Winter riding: Get your schedule right

Winter riding: Get your schedule right

When approaching winter, remind yourself of your goals to determine what you do with your horse in the off-season, advises equine vet Peter Milligan.

You don’t want your horse getting cold or too wet as that could lead to significant health issues, so there are obvious things you can do to work around this in winter, such as hiring an indoor school.

Equine vet Peter Milligan (pictured top) says it’s important to keep reminding yourself of what your goals are as this will determine what you do with your horse in the off-season and help you both to keep a sharper focus.

“What are we aiming to achieve over the winter period?,” asks Peter. “It’s wise to have an end-of-season MOT with the vet and to bring in all the horse’s support team to discuss a proactive plan for the winter.

“That may be the farrier wanting to make alterations to the feet in a way that was not practical during the competition season, or the physio and the vet discussing if more can be done for a chronic or recurring issue. The winter months can then be planned around these things.”

Time to rest

Peter believes it’s vitally important that horses get a period of true rest, for both body and mind. He’s keen to reassure riders that older horses will not completely seize up during a period of rest and recuperation.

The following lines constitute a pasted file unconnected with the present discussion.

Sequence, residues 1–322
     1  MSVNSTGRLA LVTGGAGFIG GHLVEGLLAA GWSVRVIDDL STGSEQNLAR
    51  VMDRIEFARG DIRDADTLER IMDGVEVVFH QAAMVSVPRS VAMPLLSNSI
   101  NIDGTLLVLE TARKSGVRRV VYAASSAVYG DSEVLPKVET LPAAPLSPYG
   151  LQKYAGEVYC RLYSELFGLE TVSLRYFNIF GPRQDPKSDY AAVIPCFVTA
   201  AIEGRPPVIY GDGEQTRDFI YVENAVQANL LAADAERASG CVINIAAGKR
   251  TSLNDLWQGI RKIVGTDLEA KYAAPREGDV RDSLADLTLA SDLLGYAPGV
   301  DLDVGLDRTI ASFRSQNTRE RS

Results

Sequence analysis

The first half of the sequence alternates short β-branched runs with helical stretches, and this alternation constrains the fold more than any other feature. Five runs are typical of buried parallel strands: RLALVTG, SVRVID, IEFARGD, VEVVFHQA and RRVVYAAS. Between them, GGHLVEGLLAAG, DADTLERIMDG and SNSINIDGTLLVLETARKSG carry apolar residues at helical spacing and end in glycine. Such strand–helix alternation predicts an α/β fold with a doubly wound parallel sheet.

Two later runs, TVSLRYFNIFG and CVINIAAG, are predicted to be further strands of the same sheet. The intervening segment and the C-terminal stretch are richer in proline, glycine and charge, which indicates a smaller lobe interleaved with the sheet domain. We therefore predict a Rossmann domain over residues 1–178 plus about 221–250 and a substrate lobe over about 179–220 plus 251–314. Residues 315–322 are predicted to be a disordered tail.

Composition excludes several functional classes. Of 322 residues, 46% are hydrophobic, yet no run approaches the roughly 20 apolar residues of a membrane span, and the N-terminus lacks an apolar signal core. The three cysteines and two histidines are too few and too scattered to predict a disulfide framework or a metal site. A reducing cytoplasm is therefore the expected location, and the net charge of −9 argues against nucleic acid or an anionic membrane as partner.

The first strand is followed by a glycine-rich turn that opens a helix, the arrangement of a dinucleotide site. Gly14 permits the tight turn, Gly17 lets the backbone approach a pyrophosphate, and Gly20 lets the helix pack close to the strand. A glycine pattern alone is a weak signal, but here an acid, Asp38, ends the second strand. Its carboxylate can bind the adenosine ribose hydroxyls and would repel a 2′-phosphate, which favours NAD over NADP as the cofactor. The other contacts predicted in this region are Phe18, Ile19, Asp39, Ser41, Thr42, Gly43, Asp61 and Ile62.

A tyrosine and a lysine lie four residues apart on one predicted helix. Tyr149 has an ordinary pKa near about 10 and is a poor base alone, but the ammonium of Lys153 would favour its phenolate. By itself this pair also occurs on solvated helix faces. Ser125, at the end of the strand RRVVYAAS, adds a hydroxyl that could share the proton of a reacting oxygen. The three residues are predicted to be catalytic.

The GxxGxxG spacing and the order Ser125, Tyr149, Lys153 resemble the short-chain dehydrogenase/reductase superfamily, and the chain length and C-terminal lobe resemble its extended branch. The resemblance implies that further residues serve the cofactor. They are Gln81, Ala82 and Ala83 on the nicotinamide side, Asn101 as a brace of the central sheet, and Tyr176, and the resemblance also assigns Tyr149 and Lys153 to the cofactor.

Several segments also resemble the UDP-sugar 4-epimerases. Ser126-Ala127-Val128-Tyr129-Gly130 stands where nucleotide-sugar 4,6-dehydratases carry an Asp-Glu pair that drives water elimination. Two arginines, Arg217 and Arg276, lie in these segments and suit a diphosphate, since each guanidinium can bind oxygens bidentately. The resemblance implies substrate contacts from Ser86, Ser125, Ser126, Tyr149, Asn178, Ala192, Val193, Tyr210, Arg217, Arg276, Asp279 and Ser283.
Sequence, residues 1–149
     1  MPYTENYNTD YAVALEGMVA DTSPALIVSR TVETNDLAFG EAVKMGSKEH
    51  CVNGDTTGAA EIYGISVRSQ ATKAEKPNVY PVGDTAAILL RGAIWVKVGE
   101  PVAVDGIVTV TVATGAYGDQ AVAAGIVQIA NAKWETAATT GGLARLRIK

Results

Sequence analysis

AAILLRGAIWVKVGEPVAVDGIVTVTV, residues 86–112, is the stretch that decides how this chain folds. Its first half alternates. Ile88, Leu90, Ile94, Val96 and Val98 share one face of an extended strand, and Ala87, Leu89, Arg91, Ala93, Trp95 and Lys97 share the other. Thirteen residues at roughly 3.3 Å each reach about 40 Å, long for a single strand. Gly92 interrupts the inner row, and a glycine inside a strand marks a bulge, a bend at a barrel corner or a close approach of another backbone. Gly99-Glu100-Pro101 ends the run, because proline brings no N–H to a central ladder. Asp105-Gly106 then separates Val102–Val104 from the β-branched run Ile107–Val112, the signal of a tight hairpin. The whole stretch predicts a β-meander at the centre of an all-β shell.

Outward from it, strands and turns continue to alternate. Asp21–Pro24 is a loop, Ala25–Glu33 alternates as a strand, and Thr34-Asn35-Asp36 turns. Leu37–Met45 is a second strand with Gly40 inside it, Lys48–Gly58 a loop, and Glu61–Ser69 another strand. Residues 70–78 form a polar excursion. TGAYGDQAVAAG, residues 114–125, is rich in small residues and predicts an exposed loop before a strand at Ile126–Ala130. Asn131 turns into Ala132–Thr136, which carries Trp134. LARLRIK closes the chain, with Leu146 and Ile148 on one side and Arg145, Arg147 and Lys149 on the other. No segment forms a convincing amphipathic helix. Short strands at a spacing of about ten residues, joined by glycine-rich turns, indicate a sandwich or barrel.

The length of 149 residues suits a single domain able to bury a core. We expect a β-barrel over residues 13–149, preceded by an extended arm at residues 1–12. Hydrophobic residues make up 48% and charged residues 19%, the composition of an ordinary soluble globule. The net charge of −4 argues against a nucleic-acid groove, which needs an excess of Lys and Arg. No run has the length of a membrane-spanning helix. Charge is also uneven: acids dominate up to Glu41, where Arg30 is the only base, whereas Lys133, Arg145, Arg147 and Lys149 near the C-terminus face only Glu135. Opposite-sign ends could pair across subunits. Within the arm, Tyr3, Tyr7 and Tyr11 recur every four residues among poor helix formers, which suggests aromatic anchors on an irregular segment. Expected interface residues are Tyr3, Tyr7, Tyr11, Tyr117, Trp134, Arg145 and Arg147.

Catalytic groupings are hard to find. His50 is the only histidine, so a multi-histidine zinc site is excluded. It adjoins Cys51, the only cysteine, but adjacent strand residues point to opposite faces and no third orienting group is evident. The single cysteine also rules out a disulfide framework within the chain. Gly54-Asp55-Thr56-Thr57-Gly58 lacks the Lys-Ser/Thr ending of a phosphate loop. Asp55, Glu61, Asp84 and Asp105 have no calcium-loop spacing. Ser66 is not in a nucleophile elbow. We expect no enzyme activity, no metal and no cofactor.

A horse’s age and chronic orthopaedic conditions should always be considered. They can rest and as long as they are kept comfortable and lightly mobile with turnout or light hacking work, then owners won’t see a deterioration in their action.

“It’s always worth considering that horses will lose core strength when in reduced work, so this will need to be considered and focused on when returning to training,” Peter says.

“If the older horse is already in a reducing level of work, then they may well not require any holiday as such as they may be finding the workload easy enough and well within their athletic potential.”

Mental health

From a mental point of view, overtraining is a known condition in human athletes, so is that something that should be considered for the horse too?

“The mental aspect is described as fatigue and burnout,” Peter explains. “With horses, we clearly can’t ask them how they are feeling, but we must pay attention to the signs they are showing if they are stale and not enjoying their workload.

“It’s vital that horses have time to rest their brains as they are asked to learn and train most days during the season. And as we all know, holidays are good for mental health.”